With Hurricane Michael bearing down on the Gulf Coast, the state of Florida is just hours away from America’s latest hurricane disaster.
As of Tuesday evening, Michael was a Category 3 hurricane, and was expected to intensify even further before landfall on Wednesday afternoon near Panama City, where mandatory evacuations are underway. On Tuesday, President Trump signed a pre-landfall emergency declaration to help speed the flow of aid to Florida.
With Michael’s impending landfall, America is bracing for its fourth major hurricane in just 15 months. Last year’s trio of Harvey, Irma, and Maria made landfall with sustained winds above 115 mph, the criteria for a “major” hurricane.
In the Panhandle region of Florida, a storm like this is exceedingly rare. There have been only nine major hurricanes to approach the region in all of weather recordkeeping dating back to 1850. If Michael strengthens even a bit more than forecast, it could eclipse them all.
But wind speeds aren’t the only important factor here: 2012’s Sandy, which devastated the New York City region, and last month’s Hurricane Florence, which created all-time record flooding in North Carolina, had winds well below that threshold when they hit land. They still caused massive damage due to their large size.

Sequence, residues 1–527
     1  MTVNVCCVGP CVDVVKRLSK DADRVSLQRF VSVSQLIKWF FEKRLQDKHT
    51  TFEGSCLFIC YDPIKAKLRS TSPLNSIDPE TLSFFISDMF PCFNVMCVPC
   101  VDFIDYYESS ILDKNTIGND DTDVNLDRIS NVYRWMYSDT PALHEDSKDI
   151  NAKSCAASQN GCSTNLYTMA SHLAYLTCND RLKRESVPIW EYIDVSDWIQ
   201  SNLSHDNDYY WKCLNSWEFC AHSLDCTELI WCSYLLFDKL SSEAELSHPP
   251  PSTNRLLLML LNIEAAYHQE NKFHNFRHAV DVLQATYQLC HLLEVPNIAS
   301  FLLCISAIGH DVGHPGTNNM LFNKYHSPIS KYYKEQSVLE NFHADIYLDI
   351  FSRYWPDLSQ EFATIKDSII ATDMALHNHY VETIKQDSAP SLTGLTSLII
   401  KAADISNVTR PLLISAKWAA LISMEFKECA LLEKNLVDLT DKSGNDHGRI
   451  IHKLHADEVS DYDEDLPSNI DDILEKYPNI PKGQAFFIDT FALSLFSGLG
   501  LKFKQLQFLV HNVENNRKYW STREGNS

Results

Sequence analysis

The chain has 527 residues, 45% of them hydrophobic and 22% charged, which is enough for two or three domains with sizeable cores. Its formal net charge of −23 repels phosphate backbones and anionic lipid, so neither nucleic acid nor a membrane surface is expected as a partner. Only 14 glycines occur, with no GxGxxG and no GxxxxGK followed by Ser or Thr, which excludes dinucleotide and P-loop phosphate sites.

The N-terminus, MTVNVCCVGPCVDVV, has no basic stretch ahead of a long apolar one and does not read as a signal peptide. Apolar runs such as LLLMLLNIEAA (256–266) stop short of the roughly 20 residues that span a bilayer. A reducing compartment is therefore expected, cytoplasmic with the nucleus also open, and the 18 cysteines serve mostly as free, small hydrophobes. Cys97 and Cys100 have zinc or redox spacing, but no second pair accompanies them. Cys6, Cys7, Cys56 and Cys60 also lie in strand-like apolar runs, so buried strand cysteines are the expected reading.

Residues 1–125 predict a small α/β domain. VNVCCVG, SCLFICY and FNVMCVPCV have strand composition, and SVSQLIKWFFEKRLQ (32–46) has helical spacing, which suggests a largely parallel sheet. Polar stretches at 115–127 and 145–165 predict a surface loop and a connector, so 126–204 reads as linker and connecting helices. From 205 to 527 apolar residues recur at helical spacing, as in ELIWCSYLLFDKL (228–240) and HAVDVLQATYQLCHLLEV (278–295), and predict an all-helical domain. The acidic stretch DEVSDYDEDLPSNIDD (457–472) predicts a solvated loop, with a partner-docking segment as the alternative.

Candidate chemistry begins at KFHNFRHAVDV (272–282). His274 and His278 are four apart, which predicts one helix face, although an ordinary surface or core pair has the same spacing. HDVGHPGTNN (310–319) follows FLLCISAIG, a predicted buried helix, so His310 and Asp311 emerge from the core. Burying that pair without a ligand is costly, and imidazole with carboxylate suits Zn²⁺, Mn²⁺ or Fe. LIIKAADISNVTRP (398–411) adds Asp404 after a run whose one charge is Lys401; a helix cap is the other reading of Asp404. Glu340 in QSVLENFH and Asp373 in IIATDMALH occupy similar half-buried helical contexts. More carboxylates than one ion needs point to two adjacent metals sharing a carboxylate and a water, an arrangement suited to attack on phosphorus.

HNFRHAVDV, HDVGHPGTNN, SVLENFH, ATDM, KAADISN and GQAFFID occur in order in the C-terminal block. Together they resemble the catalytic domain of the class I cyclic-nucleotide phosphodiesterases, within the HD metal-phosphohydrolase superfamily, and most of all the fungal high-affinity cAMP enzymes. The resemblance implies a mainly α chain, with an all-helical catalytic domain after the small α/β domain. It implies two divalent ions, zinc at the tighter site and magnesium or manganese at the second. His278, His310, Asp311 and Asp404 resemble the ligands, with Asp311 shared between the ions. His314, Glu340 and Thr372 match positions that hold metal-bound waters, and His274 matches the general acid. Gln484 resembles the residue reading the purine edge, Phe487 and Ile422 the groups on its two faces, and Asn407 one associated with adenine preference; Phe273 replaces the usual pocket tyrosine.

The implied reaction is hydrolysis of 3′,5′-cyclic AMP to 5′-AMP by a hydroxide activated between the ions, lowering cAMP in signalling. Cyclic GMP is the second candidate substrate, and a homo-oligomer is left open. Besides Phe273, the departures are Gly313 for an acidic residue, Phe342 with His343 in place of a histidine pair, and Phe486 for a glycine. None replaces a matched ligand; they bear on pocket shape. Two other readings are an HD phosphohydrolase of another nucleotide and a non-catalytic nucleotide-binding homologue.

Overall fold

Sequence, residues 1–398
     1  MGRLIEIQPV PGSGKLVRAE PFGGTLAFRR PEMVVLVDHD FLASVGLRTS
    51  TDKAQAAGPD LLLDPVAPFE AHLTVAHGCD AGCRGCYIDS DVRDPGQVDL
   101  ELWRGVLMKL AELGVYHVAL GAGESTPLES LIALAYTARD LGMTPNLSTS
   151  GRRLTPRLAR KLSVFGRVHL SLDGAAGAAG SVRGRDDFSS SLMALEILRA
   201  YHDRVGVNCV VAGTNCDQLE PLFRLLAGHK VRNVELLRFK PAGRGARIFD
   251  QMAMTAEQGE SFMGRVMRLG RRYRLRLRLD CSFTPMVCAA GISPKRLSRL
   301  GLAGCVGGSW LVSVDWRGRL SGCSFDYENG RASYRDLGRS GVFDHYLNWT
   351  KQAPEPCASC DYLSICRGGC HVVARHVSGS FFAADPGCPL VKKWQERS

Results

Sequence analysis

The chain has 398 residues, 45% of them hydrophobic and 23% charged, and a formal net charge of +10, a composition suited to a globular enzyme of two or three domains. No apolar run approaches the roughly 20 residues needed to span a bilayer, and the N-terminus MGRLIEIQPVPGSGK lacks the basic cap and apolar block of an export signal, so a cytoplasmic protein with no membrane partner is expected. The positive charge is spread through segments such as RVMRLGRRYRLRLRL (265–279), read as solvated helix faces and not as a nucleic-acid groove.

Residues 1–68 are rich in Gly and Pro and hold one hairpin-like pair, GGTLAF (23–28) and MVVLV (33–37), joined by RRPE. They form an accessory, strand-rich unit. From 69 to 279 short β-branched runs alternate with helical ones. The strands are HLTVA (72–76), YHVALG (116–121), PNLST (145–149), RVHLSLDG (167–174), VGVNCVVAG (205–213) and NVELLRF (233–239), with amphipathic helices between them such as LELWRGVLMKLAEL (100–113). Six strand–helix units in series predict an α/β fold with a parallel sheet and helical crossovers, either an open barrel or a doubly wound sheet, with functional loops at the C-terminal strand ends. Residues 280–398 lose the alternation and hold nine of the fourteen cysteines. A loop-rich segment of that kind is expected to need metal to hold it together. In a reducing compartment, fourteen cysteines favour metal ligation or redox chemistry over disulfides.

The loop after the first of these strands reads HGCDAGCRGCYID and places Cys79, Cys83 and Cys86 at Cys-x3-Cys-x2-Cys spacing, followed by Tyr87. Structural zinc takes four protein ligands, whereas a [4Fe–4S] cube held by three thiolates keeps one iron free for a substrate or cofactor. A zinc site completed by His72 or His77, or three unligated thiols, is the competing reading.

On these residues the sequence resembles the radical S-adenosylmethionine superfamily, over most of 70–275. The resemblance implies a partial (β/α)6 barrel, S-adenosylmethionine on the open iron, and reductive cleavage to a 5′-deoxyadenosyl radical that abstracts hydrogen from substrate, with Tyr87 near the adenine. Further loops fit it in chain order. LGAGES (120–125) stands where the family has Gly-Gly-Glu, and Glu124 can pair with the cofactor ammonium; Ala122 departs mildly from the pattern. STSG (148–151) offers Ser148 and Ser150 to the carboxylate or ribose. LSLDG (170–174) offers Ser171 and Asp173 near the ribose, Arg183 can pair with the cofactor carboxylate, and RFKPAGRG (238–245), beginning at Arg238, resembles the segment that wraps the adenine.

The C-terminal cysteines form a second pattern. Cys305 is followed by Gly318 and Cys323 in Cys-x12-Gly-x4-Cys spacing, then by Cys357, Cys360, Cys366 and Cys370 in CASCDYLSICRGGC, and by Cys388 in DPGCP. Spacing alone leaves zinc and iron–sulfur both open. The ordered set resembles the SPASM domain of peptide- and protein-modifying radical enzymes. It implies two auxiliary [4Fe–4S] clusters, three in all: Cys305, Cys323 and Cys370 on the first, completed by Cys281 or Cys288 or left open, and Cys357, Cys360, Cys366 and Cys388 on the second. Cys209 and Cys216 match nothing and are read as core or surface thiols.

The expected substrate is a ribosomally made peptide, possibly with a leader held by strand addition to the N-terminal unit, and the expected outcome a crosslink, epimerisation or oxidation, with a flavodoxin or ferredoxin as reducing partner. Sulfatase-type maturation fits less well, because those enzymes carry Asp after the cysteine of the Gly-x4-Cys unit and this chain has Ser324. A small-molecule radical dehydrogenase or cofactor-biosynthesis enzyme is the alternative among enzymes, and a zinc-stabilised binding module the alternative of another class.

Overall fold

Michael will be a relatively large hurricane, too, and is hitting a region of the Florida coast that’s particularly vulnerable to storm surge and coastal flooding. A huge swath of the northern Gulf Coast, from near New Orleans to Tampa, is currently under either tropical storm or hurricane warnings. Storm surge could be as high as 13 feet, depending on exactly where Michael makes landfall. Just offshore, waves in the normally docile Gulf of Mexico will be up to 40 feet high. The combination of extremely powerful winds and coastal flooding could prove devastating for the Florida Panhandle’s beach communities, like Fort Walton Beach and Panama City, which are set to take the brunt of Michael’s force.
In the past year since Hurricane Maria devastated Puerto Rico, tens of thousands of people have moved to central and northern Florida — and Michael is likely to bring repeat trauma for some. During Irma, half of the region lost power as the storm weakened. Michael is now gearing for a direct hit, while strengthening.
Southwest Florida, which is outside the warning area, is already seeing flooding — in one case, threatening a sea wall that has just been reconstructed after last year’s Irma. Michael is so large, it could even cause coastal flooding on the other side of Florida — in combination with the King Tide, an astronomical oddity that makes October 9 the highest high tide of the year, and the influence of long-term sea-level rise linked to climate change.
It’s impossible to think of record-setting hurricanes like Michael as freak aberrations from “normal” weather. Six of the seven most damaging hurricanes in U.S. history have hit in the past 10 years. In an era of rapid climate change, every weather event — including Michael — is a partial product of current and historical greenhouse gas emissions, and should come as a warning of yet worse hurricanes in the coming decades if we continue on a business as usual path.